I’m also working with a great guy from New Zealand Geoff Budd, who was featured in SF a while back with his Sole Intentions photographic exhibition. He and I have had a similar obsession and we are collaborating on this project. He hooked me up with his pals SKEWVILLE in NYC, who are shoe-tossing artists. These guys are incredible, and have this whole idea of shoe tossing being ‘next levelism’ – taking street art to the next level. I’m also interviewing Dee Welles from Obsessive Sneaker Disorder this week. Dee runs the only radio show in the world dedicated to sneakerheads (check it out!). I’ve been harassing dudes on You-Tube and begging them to send me footage of them tossing up a pair which has also worked well. I also just teed up an interview with an English professor of semiotics who will rap about flying-kicks being a cultural meme (google that one folks)…
The political side of this story is quite interesting, taking for instance from Wikipedia which states ‘the Arab world where shoe flinging is a gesture of extreme disrespect. When U.S. forces pulled down the statue of Saddam Hussein during the 2003 invasion of Iraq, many Iraqi detractors of Hussein threw their shoes at the fallen statue. The shoe represents the lowest part of the body (the foot) and displaying or throwing a shoe at someone or something in Arab cultures denotes that the person or thing is ‘beneath them.’’ How do you feel about this practice and will you be exploring the political views on this subject, or is that just getting too heavy?
Yeah I’ve read that story on Wiki before and it’s interesting. But with the political angle I want to look at is this idea of the hanging sneaker being a symbol of urban ghettosim. The former mayor of L.A James Hahn, choreographed a news story where he cut some kicks off a line from a cherry picker as a symbol of his ‘Teamwork LA’ program. He thought that by taking shoes off the powerlines he was helping solve the social decay of L.A and would therefore be re-elected. It’s strange how a tossed sneaker has become so symbolic, even the last Simpson’s movie showed flying-kicks as Springfield fell into ruin! Or even funnier was the recent schlock news story about Shappelle Corby, which had a shot of sneakers hanging outside her Mum’s house, which pretty much told the viewer she was a dealer. You can see how it’s become this potent symbol of social decay that can be used and abused by anyone.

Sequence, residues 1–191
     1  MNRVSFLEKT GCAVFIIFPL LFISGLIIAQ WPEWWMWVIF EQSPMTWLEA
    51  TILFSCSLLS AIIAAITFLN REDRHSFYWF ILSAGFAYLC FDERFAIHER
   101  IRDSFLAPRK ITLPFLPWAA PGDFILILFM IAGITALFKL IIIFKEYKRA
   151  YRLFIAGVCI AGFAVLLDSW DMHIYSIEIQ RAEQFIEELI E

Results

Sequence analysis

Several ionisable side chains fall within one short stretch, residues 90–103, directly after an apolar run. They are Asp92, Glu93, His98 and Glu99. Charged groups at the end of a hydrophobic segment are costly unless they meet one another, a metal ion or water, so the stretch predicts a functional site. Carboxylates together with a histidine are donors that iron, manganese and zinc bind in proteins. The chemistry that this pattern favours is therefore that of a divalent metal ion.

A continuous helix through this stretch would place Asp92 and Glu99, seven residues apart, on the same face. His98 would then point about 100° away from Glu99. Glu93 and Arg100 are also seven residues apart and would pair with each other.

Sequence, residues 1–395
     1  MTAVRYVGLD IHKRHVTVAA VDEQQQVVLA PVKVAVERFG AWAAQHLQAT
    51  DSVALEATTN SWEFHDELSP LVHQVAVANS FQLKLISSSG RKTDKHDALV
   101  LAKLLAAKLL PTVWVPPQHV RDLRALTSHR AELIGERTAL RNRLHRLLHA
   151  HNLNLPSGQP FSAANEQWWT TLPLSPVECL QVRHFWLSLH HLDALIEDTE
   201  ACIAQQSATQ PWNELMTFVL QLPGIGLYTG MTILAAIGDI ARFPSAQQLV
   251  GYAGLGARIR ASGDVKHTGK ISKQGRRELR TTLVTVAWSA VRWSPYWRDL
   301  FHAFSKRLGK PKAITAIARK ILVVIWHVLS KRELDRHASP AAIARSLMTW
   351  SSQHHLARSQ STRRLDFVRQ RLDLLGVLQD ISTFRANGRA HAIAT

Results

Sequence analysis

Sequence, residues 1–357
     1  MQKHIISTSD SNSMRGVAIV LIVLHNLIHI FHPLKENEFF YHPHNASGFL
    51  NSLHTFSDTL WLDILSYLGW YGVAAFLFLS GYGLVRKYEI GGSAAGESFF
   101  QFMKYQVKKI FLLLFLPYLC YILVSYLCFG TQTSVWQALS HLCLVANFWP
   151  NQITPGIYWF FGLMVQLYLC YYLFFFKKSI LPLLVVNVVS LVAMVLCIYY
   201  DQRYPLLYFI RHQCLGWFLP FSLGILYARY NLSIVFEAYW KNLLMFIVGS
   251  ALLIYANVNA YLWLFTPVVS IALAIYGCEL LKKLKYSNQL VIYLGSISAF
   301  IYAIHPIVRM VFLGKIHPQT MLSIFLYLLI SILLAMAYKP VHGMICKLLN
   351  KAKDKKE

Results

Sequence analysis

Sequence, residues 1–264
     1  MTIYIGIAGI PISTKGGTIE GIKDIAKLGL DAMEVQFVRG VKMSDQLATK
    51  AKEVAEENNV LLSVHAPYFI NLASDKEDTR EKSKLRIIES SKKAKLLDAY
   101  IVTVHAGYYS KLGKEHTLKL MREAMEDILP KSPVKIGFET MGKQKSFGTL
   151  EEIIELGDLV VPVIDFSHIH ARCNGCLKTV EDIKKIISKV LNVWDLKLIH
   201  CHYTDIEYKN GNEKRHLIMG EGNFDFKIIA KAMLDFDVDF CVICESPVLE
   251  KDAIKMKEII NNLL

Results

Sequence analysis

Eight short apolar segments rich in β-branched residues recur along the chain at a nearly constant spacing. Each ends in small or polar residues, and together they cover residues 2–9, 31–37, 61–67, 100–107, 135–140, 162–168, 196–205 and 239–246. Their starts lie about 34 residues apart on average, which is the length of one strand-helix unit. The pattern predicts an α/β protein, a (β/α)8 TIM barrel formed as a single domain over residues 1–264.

Why do you think then it is so important for you guys to get your film out there?
I like the idea that a sneaker hanging on a line has so much potential meaning and at the same time the potential to mean nothing at all. It’s Zen. It’s an open-ended symbol that taps into all the great themes of sex, death, art, drugs, sneakers, what more could a filmmaker / sneakerhead want?
You’ve made a point of making Flying Kicks truly interactive with anyone able to contribute. Tell us how we can get our voice heard and submit our own anecdotes on sneakers on powerlines?
Yeah this is a film made by the people for the people. We really want people to call our free and anonymous Skype hotline and leave a recorded message on our message bank. If you SKYPE us at flying-kicks then we want to hear your theories or stories or insane ramblings from your part of the world. These recorded stories will then be used as an audio collage in the film. Also if you have art, photographs, written stories, motion graphics or video or whatever you want then just visit our ‘contribute’ section on our flying-kicks.com site and let loose!
Do you have a proposed date for the premiere and will it only be launched in Australia or are you looking for an international release?
The film will be launched in Australia early next year before taking on the rest of the world. I think it will be a great festival film, so we’ll be hitting up all the major international fests as well as posting extra bits that don’t make the film on our website. Geoff Budd and I are thinking about a book / DVD package as well so who knows it may even end up on your bookshelf. Stay tuned…